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Impact of fewer refinances

Think Tank
Michael Seiler,
Professor of Real Estate and Finance at The College of William & Mary
Founder and Director at Institute for Behavioral and Experimental Real Estate, www.IBERE.org

This is the eighth installment of HSH.com’s Think Tank series which features in-depth questions and answers from the nation’s top real estate professors and professionals.

Refinance volume is clearly tied to the direction of mortgage rates. Even weekly fluctuations in mortgage rates can dictate the volume of refinances within the mortgage market. With 2014 expected to be a year of rising mortgage rates, we wanted to understand how fewer refinances could impact jobs, credit availability and the type of new loans entering the market.

We asked Dr. Michael Seiler, chair professor of Real Estate and Finance at The College of William & Mary, to explain what impact fewer refinances will have on the market as a whole.

Q: What effect will fewer refinances have on employment, lending standards, the number of purchase and ARM loans within the mortgage industry?
Michael Seiler,Ph.D.
K. Dane Brooksher Endowed Chair Professor of Real Estate and Finance at The College of William & Mary

A: Lending standards will remain high for the foreseeable future because we still remember the harsh lessons learned when we lowered these standards in the past. I expect lending standards to remain high, which does not bode well for refinances.

In terms of loan type, I sincerely hope the percentage of adjustable-rate mortgage (ARMs) will follow its historic average as a small percentage of total mortgage originations. Artificially sustained lower interest rates have dampened an otherwise much harsher lesson homeowners would have learned by taking out too many ARMs. Since I expect interest rates to increase over time, I sincerely hope homeowners focus on fixed-rate mortgages instead. In the current environment, fixed-rate mortgages are much preferred by the majority of homebuyers.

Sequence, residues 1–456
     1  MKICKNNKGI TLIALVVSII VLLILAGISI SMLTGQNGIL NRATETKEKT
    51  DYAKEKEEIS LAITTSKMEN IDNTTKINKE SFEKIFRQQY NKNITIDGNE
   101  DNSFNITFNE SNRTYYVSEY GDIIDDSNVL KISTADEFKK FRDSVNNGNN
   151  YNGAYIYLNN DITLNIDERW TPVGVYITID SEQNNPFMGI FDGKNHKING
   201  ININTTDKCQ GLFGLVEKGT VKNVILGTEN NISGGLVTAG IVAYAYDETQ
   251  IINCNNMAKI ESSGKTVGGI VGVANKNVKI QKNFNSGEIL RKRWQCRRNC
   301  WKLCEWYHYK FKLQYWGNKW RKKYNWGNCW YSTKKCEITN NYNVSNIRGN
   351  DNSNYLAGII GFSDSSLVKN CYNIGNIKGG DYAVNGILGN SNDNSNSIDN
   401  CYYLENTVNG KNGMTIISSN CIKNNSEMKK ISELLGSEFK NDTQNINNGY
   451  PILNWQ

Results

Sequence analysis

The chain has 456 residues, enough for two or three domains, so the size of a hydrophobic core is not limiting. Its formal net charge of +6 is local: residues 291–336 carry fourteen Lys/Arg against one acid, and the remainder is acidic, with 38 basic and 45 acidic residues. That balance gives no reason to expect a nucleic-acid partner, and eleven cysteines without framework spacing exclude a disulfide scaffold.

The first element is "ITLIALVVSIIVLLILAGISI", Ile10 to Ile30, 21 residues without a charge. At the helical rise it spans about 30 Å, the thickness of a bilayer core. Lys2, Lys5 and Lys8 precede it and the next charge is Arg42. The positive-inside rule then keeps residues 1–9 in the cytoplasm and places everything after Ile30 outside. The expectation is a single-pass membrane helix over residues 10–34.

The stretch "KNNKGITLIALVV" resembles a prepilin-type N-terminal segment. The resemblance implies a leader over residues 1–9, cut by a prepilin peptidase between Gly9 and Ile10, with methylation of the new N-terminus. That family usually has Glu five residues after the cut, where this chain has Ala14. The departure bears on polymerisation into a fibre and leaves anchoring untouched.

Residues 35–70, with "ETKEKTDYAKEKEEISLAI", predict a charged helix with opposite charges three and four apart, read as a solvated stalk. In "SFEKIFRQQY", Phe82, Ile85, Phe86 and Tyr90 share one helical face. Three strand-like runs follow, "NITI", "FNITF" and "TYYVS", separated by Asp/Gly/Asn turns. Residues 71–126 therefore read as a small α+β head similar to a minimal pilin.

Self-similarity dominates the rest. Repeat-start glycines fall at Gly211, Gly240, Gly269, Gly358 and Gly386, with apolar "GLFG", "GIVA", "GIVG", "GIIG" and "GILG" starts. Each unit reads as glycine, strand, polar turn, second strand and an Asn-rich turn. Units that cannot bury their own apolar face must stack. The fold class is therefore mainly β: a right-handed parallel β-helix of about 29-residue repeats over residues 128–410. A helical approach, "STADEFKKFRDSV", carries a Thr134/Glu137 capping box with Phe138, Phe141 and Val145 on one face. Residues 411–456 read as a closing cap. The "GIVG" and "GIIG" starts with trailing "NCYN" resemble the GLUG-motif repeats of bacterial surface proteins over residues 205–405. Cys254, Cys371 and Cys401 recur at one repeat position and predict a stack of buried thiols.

Concerning employment, it is employment that drives the demand for housing. Instability or a lack of confidence in one's employment status causes them to avoid locking into long-term mortgage payments. If people feel they are more likely to keep their jobs, have greater employment stability, etc., then demand for mortgages will increase (all else constant). The unemployment rate will continue to improve which will aid in people's ability to refinance.

Again, I believe interest rates will increase over time which will dampen refinances, but home prices will improve which will encourage refinances as people will actually have enough equity in their homes to qualify for a refinance.

Note: The College of William & Mary is starting a Real Estate Program of Distinction (PoD) within their full-time MBA program.

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